Autumn is the coziest of the seasons with reading moods turning towards snuggling up, warm drinks, and… solving adorable murders?
For those unaware, Shady Hollow is a series of cosy mystery novels by Juneau Black – aka Jocelyn Cole and Sharon Nagel – following a remote little area of the wilderness in which anthropomorphic animals live in harmony – think Wes Anderson‘s Fantastic Mr Fox meets Murder She Wrote and you’re there.
The fourth of these books, Twilight Falls, continues the adventures of Vera Vixen, a well-meaning and intrepid reporter type who finds herself frequently entangled with the dealings of Shady Hollow’s residents, whether that’s unearthed skeletons, dead bodies found floating in rivers, or in the case of Twilight Falls, sudden violent disappearances. This time the town is out at the gorgeous Twilight Falls for a spring picnic (as you do) when they witness local town handyman Shelby go over the falls after a violent struggle, following an argument with his son Jonah over Jonah’s forbidden love with Stasia (the pairing is forbidden because one is an otter, the other a beaver, naturally).
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The wide-reaching charm of Twilight Falls – and of Shady Hollow in general – is part of the big appeal; in the cozy crime subgenre, the appeal of a small, close-knit community, full of locally-owned businesses and sweet-natured folks, is all but ever-present. It also helps that the cast of characters that Black create are so delightful that readers would turn up for any occasion to spend time with them. Vera is a smart, quietly compassionate heroine, with allies such as her romantic interest Orville (a bear police officer) and Lenore (the raven bookstore seller in town) bolstering the appeals of the series, along with the lush descriptions of the physical pleasures in life. Black ensures that the beauty of the falls or the delicious treats on offer, are never not commented upon, building upon the tenets of the cosy mystery with a visceral pleasure that makes reading the story with a baked good or hot drink of choice a must.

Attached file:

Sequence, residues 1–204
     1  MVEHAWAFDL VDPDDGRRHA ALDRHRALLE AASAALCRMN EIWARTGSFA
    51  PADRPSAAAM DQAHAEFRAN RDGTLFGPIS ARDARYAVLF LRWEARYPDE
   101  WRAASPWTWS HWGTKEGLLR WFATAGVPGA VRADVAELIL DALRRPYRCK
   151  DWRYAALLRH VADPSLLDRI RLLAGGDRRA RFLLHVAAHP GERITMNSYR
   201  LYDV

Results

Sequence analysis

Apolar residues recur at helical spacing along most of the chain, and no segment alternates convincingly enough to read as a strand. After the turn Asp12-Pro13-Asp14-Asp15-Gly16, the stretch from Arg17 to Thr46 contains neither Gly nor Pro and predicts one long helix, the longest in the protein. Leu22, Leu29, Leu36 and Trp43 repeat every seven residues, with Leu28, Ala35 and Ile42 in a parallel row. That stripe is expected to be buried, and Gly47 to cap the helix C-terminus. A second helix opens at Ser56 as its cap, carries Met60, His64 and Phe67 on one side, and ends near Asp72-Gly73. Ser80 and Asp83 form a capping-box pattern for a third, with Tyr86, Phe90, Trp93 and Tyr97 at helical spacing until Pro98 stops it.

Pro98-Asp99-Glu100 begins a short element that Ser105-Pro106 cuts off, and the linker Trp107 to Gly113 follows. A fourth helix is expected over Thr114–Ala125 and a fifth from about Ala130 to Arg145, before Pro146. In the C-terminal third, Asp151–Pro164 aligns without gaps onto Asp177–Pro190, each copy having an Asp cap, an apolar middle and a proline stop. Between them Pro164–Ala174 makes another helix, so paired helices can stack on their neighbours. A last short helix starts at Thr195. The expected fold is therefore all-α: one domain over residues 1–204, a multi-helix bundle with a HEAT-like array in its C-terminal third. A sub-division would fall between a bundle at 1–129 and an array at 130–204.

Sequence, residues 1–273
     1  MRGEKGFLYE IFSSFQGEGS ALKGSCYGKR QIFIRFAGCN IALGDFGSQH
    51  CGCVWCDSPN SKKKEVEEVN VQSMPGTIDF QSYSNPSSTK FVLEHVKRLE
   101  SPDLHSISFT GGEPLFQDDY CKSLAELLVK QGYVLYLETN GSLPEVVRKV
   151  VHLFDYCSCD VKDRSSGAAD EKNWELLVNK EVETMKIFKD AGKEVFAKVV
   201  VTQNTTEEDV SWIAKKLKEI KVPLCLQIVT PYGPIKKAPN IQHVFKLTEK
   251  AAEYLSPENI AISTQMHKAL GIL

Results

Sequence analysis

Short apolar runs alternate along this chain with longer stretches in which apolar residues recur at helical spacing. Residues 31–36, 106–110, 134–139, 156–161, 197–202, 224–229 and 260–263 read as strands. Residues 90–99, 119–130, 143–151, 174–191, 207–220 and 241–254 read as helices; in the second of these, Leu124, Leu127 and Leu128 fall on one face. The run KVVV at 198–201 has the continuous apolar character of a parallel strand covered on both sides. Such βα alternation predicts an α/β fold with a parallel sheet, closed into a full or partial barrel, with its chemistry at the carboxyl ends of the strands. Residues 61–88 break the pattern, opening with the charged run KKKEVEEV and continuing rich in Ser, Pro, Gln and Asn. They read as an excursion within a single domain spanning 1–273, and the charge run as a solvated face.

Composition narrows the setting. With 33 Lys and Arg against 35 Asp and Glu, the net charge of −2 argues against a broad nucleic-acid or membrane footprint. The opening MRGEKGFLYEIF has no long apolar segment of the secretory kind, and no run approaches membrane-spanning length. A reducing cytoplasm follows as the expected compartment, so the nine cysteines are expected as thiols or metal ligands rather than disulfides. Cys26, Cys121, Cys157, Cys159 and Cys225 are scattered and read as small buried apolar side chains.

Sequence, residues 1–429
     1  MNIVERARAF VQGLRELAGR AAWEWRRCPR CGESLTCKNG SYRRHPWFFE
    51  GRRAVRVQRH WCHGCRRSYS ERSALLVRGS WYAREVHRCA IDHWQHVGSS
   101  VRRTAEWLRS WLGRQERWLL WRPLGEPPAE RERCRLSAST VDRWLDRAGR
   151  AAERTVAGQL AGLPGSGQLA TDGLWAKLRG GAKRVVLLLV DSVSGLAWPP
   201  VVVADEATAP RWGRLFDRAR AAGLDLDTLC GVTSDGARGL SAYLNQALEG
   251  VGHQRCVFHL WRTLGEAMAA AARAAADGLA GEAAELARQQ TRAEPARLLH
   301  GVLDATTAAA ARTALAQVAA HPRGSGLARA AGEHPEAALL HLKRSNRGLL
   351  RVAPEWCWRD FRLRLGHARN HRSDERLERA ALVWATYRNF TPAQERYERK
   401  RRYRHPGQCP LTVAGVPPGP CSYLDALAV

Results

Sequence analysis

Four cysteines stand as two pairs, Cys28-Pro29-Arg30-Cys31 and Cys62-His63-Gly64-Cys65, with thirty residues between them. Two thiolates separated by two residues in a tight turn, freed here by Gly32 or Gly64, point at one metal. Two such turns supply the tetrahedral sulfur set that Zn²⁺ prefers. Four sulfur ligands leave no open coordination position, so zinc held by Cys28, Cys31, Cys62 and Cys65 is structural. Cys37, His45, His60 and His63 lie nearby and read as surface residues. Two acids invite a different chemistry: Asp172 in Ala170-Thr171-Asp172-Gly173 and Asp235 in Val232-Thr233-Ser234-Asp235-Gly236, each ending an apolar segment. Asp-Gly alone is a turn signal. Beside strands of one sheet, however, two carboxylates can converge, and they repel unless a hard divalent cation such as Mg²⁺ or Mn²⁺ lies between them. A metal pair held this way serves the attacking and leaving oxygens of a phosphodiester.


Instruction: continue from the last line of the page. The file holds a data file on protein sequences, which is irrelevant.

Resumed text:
Twilight Falls‘ mystery is pleasingly fair, with enough clues sprinkled throughout that when the mystery is unveiled, it feels satisfying, with character beats layered in for full amounts of catharsis and emotional heft, providing grace to characters the reader may have known from the first book or newcomers to the series. The conceit behind the stories – woodland animals with jobs solving murders – doesn’t run out of steam, focusing on the all-too-human personal dynamics.
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As the latest instalment of one of the most unique and charming current mystery series, Twilight Falls manages to continue the series’ trend of wholesome whodunnits, pulling off a pleasing cast of characters and growing relationships with a satisfying mystery. If you’ve not yet taken a trip to Shady Hollow, and want to sink your teeth into a comforting, good-natured series, there’s no better time to get caught up.
Twilight Falls is out now from Penguin Random House.